By Greg Price
The Town of Taber lost a good man last month.
That fact was made apparent at the packed funeral mass at St. Augustine’s Catholic Church for Paul Marcel Giroux.
I’m not going to pretend I knew Paul to any great extent, bumping into him the odd time at the golf course as he hung out with his ‘coffee crew.’ But, I felt like I did as I listened at the two-hour funeral service as the priest, his ‘coffee crew’ and family gave their testaments to the man’s life.
Maybe that’s the draw of small-town life, even acquaintances can feel like friends at times with how close our community is connected. Giroux had a life filled with many health struggles, including being the longest living heart transplant recipient in the province along with a donated kidney from his daughter 10 years ago.
After his heart transplant, courtesy of an 18-year-old donor, Giroux was quoted in the Edmonton Journal in 1987…“I was saved by a young man, I promise I will make my life good for him.”
But despite all the challenges, Paul kept his sense of humour and importance of family in place. As some of the zingers were recounted at the funeral mass I thought to myself, ‘this man has my kind of sense of humour.’
It was that same sense of humour that belongs to his daughter Steph, the one I am most connected to through the newspaper. As I sat down to take in the Gold Medal World Junior game with friends at Boston Pizza, Steph stopped by to say hi.
She did your regular pleasantries anyone does in which she inquired if I had a girl in my life. Given any steady relationship I have had in my life with members of the fairer sex occur with as much frequency as U.S. presidential campaigns, she was perhaps a tad shocked when I said ‘yes.’ “She’s not one of those girls you have to inflate is it?” she inquired.
I answered no, going even so far as to say she doesn’t even charge more for the hugging and kissing. As I said, Steph and her father Paul have my type of humour.
I’ve really only known Steph recently through her determined charity work that I have helped publish in the newspaper like the Bernice Giroux ‘We Have Not Forgotten’ Memorial Golf Tournament, the Girls Just Want to Have Fun 80s Theme Charity Golf Tournament, or the 12 Days of Christmas campaign.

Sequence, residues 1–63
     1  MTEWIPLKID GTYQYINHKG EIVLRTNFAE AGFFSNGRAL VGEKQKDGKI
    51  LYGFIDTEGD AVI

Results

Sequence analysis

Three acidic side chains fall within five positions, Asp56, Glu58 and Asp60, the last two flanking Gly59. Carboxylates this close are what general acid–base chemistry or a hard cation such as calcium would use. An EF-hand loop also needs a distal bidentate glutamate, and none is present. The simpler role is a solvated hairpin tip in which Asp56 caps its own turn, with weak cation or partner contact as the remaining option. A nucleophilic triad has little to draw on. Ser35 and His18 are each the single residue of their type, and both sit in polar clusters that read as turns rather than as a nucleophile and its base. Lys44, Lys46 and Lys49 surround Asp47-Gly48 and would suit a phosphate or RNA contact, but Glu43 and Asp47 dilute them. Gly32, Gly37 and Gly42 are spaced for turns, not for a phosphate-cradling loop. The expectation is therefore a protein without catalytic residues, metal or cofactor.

Through Steph’s efforts, $34,950 was raised for Linden View Alzheimer’s and Dementia Cottages for blood pressure monitoring kits and a bladder scanner to go with $1,700 worth of recreational equipment and games that are specially designed for people with dementia or Alzheimer’s. Organization like TCAPS (Taber Community Action Prevention Society), the Taber and District Handibus Association, Safe Haven Women’s Shelter, Taber Food Bank, animal shelter, and the importance of organ donation have all got greater awareness with ventures Steph has helped spear head.
With a ‘tell-it-like-it-is’ attitude and her determination, I wonder if those were some similar traits she inherited from her father as both traits would have served them both well in the newspaper business.
Steph’s connections would serve the newspaper business as well. I was amazed when I played in the Bernice Gioux ‘We Have Not Forgotten’ Memorial Golf Tournament, the prizes she was able to secure for the fundraiser. I do not think there was a single golfer that left the tournament without a prize as I saw Paul MC part of the banquet afterwards, once again using his humour to bring smiles to people’s faces. People say I am connected in this community, but I do not hold a candle with how Steph is in the ground roots level of this community.
As I have got to know Steph more this past year-and-a half, and listened to the testimonials at Paul Giroux’s funeral, I can see how his traits have been passed on and how his legacy continues through his friends and his family.
It may sound cliché, but clichés continue to exist because of their truth. While we pass on with our mortality, our immortality comes form the impression we leave behind with our loved ones.
Judging by the outpour of emotion and testimonials at Paul Giroux’s funeral, I would be both honoured and humbled if when I leave this earth, I had a mere fraction of the impact Paul had on so many lives.